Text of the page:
BSW and UNC thread identification

I help to restore old machinery. We need to be able to match the bolts
on old equipment, so we have a good supply of BSW, UNC and metric
bolts, and some of the finer thread sizes. There are around 400 boxes
of bolts, of various lengths. Many of these are new but some are up to
100 years old. Some of the boxes are not labelled or, I suspect,
wrongly labelled. Many of the bolts and nuts do not have markings that
follow any standards that I have found.
I would like to be able to easily identify the difference between BSW
and UNC bolts. BSW has 55 degree threads while UNCs are 60 degrees.
I have thought of the following ways to identify the difference:
1. When I place a UNC thread against a BSW thread and look with a
magnifying glass, the top of the BSW threads touch the bottom of the
UNC threads, and the difference in angle can be seen.
Probably this is the best way of telling the difference, for larger
thread sizes.
I'll check to see if our thread gauges can be used to see the
different angle.
2. The UNC bolts go easily into BSW nuts but BSW bolts don't go into
UNC nuts. If the bolts are plated or old this is not a clear test.
3. The UNC bolts that I'm looking at seem to have smaller heads than
BSW bolts. Is this a standard?
4. In theory the BSW thread is more rounded than the UNC but with a
magnifying glass I cannot see any difference. Probably that depends on
the quality of manufacture.
Sometimes we do need to have the maximum strength with bolts, and I do
not wish to mix BSW and UNC. With sizes other than 1/2 inch this is
all too easy.
Does anyone have any other ideas?
Reply to
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Make up a little card with one nut of each UNC and BSW size on it, labeled. Then instead of peering at a mystery bolt, you can just try it in the nut.
Jack wrote:
Reply to
Grant Erwin
Mark Rand RTFM
Reply to
Mark Rand
An excellent idea. I'll make up a big card with both types of nuts and bolts on it, since there are a few thousand nuts to check as well. I note that the 1/2 inch BSW and UNC nuts that I have here are the same size across the flats. According to the "manual" that is incorrect. I also note that standard marks that are supposed to denote Unified threads are often absent.
Reply to
The head sizes are different. That's the easiest way of telling them apart. Is the difference really that important? Unless you are stressing the bolts to the maximum, and can accommodate the different heads, does it matter if you mix them? The spanner will identify them.
Reply to
John Manders
Except that 7/16" AF (for 1/4" UNC) & 1/4"BSW spanners are to all intents & purposes interchangeable (I think I've quoted the right ones from memory ). The 1/4" UNC may have a *thinner* head than the 1/4"W.
Cheers Tim
Tim Leech Dutton Dry-Dock
Traditional & Modern canal craft repairs
Reply to
My self-appointed job is merely to sort out the 400 boxes of assorted nuts and bolts that we have. These have been made by a great variety of manufacturers, some of whom have clearly not followed the Unified identification standards. E.g. the UNC nut sizes are not always different from BSW - I know that because I have 1/2 inch nuts here which are both 3/4 inch across the flats but they have TPIs of 12 and 13.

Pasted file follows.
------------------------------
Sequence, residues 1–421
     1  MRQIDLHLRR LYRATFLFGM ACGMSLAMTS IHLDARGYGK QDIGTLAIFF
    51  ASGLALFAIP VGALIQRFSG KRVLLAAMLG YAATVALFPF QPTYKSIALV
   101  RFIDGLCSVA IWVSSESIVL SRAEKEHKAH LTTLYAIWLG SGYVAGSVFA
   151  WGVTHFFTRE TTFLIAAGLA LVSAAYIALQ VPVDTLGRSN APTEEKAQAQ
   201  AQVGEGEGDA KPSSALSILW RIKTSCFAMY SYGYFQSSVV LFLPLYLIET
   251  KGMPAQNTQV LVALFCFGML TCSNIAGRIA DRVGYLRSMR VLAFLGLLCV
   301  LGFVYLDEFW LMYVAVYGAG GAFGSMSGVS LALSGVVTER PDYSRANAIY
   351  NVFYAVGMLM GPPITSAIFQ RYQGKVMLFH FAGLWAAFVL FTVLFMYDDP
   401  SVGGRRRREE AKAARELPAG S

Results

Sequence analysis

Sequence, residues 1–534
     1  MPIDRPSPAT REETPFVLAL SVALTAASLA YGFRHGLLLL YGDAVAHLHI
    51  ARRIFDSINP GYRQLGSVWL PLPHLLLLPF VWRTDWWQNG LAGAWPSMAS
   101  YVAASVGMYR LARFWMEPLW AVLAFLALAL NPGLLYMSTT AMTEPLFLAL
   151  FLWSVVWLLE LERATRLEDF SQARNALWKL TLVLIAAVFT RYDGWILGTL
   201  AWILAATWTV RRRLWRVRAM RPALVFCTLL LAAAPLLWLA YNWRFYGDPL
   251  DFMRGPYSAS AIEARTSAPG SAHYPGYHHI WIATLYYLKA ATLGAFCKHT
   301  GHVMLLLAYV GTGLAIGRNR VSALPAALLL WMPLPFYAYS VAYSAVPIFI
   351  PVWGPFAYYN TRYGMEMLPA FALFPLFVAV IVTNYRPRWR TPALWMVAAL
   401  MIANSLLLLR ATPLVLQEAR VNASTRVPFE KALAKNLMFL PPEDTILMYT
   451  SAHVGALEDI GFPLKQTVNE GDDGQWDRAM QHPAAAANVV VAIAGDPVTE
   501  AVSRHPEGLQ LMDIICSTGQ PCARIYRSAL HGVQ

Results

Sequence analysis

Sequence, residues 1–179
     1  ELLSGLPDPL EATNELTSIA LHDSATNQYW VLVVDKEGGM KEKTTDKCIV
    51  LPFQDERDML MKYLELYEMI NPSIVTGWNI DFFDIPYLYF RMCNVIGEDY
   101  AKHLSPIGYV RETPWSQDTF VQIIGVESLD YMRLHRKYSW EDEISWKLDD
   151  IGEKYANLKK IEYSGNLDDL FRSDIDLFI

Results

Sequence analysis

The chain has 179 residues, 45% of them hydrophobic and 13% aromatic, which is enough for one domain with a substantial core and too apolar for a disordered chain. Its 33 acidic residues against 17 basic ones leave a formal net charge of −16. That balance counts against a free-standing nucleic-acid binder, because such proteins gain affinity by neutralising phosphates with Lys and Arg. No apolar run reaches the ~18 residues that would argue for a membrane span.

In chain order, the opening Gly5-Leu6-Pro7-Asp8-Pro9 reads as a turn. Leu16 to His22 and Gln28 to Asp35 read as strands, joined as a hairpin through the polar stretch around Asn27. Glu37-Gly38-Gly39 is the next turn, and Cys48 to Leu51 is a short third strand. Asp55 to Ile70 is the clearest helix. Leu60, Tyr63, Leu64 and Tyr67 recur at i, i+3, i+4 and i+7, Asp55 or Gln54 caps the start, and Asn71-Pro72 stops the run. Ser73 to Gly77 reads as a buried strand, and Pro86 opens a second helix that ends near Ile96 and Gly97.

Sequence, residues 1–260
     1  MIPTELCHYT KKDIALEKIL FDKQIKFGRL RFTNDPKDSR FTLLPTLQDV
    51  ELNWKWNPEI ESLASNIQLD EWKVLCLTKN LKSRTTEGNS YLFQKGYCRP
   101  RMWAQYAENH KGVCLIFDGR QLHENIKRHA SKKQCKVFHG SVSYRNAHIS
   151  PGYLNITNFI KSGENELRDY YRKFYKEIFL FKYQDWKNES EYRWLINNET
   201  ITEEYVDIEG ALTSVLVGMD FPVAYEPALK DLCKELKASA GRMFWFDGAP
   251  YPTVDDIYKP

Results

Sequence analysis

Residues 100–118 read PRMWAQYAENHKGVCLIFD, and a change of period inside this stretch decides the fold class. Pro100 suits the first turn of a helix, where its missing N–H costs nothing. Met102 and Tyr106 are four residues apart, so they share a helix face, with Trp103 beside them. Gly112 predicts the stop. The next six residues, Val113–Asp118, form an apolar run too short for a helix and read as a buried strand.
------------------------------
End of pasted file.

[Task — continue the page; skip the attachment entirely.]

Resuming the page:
Sometimes the difference is important as the bolts go on trams restored by perfectionists who line up the heads in the same direction, and I know that enthusiasts would whinge if the heads looked different.
Sometimes the bolts are stressed to the maximum, e.g. on tram brakes and the bits that keep the wheels on etc. After a crash I'd rather not be trying to explain to a judge why we mixed UNC and BSW threads just because we couldn't tell the difference.
I'm just listening to this advice: "Another area that causes confusion is the fact that some BSW or BSF nuts can be screwed on UNF or UNC bolts and vice-versa. Under NO circumstances should this practice even be considered ... if these fasteners are interchanged, considerable loss of holding force, fatigue resistance and strength will result."
I now have a sure method of identifying the bolts. The nuts are a harder problem. I have a BSW nut where the top of the thread is flat instead of rounded and the inside diameter is identical to the UNC nut.
Reply to
Don't bet on anything in hardware. A few years ago, I bought a bunch of hex nuts for 1/4 20. They looked a bit odd so I did a quick check - yep, 10mm. across flats. I still have a few that I pass off on people just for laughs. Gerry :-)} London, Canada
Reply to
Gerald Miller
Get yourself a BS spanner set A 3/8 BSW Bolt head fits onto a BS 3/8 spanner A 1/4 BSW Bolt head fits onto a BS 1/4 spanner.etc This is a standard
Reply to
Old guy
When the 'Unified' system was brought in during the war, nut and bolts were given identifications to solve precisely this problem. The various signs are different depending on the method of manufacture: 1) A circular recess in the head of bolts, 2) an interrupted circle on one top face of nuts, 3) a row of small circles (approx 1/8" dia) on one flat of items that were ma chined from hex bar. These have become somewhat less common now, and much American stuff does no t use it, and of course pre-war NC does not.
Reply to
Stephen Westlake
The head size isn't a reliable means to determine whether it's BSW or not as originally BSW used larger heads but was standardised to use the smaller heads of IIRC BSF/UNC around WW2
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see section on spanner size.
Reply to
David Billington
This thread reminds me to be thankful that over the past sixty years I seem to have misplaced all of my original wrenches purchased to work on my first car - a 1950 Austin with BSW fasteners.
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